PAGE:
Saying open ended things doesn't help much. "How are you?" "What can I do?" They're both too open ended. Don't ask, just do. Bring food, clean the house. Don't ask if they need anything, just notice if they seem to need things around the house and pick those up.

Depending on how comfortable he feels emotionally with you, talking and crying with him is cathartic and helpful. But that might not be who you are together and that's ok. Just remember that what he's going through right now is literally the worst thing to happen to someone on planet earth, and not a whole lot will alleviate it much other than time.
posted by katypickle at 3:01 PM on May 26


I think there are many great comments here. One thing I would add is be patient if your friend needs to tell his story several times. In my personal experience, as someone grieving or someone offering support, people need to tell the details over and over, as a catharsis. So don't get (or at least don't show) annoyance.
posted by bluespark25 at 3:29 PM on May 26 [1 favorite]


Remember when it happened; mark it on a private calendar if you need to. The anniversary of any death can be hard. For some people this can be especially true if the person who died was close to them, or if they died in an unexpected or particularly difficult way. Most people can remember to try to be supportive when someone is first grieving, but that gets harder a month later, six months later, and so on.

I would encourage you to be the friend who remembers and supports him beyond just the next few months or so. Sometimes when we're on the outside of grief looking in, it can be hard to remember that even though things go back to normal in a relatively short period of time for us, they don't for the person grieving. They may never really go back to normal at all, and understanding that can be very valuable.
posted by Verba Volant at 4:18 PM on May 26 [6 favorites]


nth-ing the "this really sucks" sentiment (aka "honesty") being exactly appropriate. One of the few things I specifically remember someone saying to me at my dad's visitation (sudden and unexpected) was when one of his buddies from younger days who came down the line and just said, "This is pretty fucked up, isn't it?" For some reason, that resonated with me far more than any of the well-meaning and heartfelt greetings of tons of friends and family members.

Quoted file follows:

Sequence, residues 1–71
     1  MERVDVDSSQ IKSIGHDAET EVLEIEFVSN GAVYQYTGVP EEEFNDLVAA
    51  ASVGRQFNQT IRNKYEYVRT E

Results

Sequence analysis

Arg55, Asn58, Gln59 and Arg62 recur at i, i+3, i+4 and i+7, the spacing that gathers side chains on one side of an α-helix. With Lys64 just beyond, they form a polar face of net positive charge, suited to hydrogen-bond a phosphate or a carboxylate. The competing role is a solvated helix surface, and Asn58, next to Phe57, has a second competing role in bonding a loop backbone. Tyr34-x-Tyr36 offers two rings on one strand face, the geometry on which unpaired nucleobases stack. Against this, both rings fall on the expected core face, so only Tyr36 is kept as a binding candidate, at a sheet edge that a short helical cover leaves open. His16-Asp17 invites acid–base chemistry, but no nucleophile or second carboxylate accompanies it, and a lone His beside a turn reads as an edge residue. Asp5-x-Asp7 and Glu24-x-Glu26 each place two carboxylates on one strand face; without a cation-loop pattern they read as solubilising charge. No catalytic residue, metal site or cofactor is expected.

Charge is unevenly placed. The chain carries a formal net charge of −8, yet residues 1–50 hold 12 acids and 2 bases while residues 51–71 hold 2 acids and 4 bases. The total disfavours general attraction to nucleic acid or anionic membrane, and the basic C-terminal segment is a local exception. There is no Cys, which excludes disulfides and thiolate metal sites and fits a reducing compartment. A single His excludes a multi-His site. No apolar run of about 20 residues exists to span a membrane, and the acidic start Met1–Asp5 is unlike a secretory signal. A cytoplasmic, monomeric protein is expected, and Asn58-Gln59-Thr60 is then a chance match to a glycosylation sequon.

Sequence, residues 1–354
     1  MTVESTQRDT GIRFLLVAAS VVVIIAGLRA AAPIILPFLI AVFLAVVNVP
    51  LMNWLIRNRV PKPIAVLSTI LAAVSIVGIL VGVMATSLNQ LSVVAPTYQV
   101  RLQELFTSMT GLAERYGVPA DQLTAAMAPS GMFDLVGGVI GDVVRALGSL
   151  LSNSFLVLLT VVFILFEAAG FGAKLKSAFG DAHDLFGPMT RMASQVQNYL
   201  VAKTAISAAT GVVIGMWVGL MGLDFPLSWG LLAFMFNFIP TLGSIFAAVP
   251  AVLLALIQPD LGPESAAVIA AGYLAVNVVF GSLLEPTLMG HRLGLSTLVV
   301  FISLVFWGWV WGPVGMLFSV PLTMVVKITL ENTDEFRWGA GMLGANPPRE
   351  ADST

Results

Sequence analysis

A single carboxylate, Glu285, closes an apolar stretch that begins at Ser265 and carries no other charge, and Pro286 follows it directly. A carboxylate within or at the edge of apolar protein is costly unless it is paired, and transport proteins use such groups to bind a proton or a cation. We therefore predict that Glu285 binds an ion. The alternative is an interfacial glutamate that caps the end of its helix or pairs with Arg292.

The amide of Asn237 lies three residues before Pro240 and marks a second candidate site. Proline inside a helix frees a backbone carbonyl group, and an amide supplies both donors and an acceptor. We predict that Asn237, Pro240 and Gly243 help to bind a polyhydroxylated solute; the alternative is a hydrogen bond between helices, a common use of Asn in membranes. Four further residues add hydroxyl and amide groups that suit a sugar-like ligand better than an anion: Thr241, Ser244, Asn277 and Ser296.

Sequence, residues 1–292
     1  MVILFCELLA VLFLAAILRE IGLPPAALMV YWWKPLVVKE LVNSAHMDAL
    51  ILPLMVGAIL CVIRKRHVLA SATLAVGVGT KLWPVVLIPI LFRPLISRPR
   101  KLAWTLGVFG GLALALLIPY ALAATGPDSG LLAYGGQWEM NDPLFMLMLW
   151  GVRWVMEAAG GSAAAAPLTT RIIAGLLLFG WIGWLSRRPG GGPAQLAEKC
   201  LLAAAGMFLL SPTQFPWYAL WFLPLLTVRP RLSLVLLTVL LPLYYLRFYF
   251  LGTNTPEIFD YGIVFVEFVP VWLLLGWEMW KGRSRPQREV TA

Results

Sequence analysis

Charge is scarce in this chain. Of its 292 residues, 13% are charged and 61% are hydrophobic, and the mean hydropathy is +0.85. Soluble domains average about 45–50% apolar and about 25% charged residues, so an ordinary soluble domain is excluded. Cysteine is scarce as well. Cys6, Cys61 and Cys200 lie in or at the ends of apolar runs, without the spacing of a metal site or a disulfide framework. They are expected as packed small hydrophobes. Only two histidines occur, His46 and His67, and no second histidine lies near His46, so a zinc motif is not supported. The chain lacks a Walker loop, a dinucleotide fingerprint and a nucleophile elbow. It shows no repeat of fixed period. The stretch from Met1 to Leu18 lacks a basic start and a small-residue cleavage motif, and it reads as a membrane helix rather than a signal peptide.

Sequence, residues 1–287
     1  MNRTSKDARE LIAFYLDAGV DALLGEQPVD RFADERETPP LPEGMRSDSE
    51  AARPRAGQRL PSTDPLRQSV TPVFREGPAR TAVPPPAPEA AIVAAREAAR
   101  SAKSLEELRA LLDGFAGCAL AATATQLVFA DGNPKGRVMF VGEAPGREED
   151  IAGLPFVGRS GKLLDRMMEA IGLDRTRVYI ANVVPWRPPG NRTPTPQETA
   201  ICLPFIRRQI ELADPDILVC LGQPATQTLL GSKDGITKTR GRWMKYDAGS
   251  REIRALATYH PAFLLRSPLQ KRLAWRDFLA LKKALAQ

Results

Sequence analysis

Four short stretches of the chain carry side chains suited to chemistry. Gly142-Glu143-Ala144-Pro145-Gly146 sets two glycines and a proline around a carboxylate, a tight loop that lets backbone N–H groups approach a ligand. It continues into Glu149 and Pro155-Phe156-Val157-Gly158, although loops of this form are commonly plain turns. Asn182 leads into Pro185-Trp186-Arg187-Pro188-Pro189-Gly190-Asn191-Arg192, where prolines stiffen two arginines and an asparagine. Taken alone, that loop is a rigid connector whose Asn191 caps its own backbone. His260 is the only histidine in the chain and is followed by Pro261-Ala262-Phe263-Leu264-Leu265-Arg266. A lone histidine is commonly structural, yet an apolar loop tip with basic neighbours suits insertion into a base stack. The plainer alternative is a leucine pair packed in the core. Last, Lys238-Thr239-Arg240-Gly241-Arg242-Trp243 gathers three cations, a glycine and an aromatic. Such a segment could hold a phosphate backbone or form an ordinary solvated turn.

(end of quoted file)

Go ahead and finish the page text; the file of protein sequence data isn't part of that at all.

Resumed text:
posted by jferg at 8:26 PM on May 26 [2 favorites]


Start with "do you want to talk about your loss." As a person who has experienced tragic situations, I have strong memories of people "pushing" their sympathy.

Your friend may want to discuss something else. Ask him.
posted by miss tea at 3:11 AM on May 27 [1 favorite]


Using real language and non-platitudes is great advice.

One thing that may be helpful is to also offer to do things with your friend that can remind him that life does go on.

Offer to go for a hike, a bike ride, a beach outing; a concert, play some video games.

If you can get him outside of his grief and back into doing active things that he used to enjoy, it's a nice and gentle way to show him that life does still have pleasure and that a person can manage both grief and happiness. That we can still feel good things, even during awful times.
posted by kinetic at 3:12 AM on May 27 [1 favorite]


As a recently bereaved person I can say that you have some great advice here.

Nthing don't ask your friend "what can I do to help you?", rather suggest a particular task ("I'm going to mow your lawn on Saturday if that's OK with you"). It's hard to believe all these offers of help are literal, and it's also sort of hard to puzzle out what a person might be actually offering to do. But a few people just came over on their own initiative and did practical useful tasks for me and I liked it a lot.

Don't worry about trying to make it better on a grand philosophical scale. People want to tip-toe around the bereaved because our culture tells people they have to find a silver lining. Sometimes there isn't one. I think you could just say to him what you said to us. Well, it'd be fine if you said it to me, anyway. He knows it sucks.

I also like to hear stories about other people's experiences, how they navigated losses and crises. Your friend may or may not share my prediliction.
posted by sockanalia at 4:48 AM on May 27


Make your friend tea, listen, make sounds that indicate you hear and acknowledge the suffering. Show compassion and suggest/participate in occasional light change-of-scene calm activities to help avoid ruts. But mostly show compassion.
posted by ead at 7:06 AM on May 27


Lots of good suggestions here.

One thing I would add -- there is no time table for grief. Your friend may be experiencing a sense of loss months or even years later -- perhaps not as acutely as now, but still there. I think making space for that grief, no matter when/how it comes up, is a very loving thing to do for a friend.
posted by elmay at 8:33 AM on May 27 [1 favorite]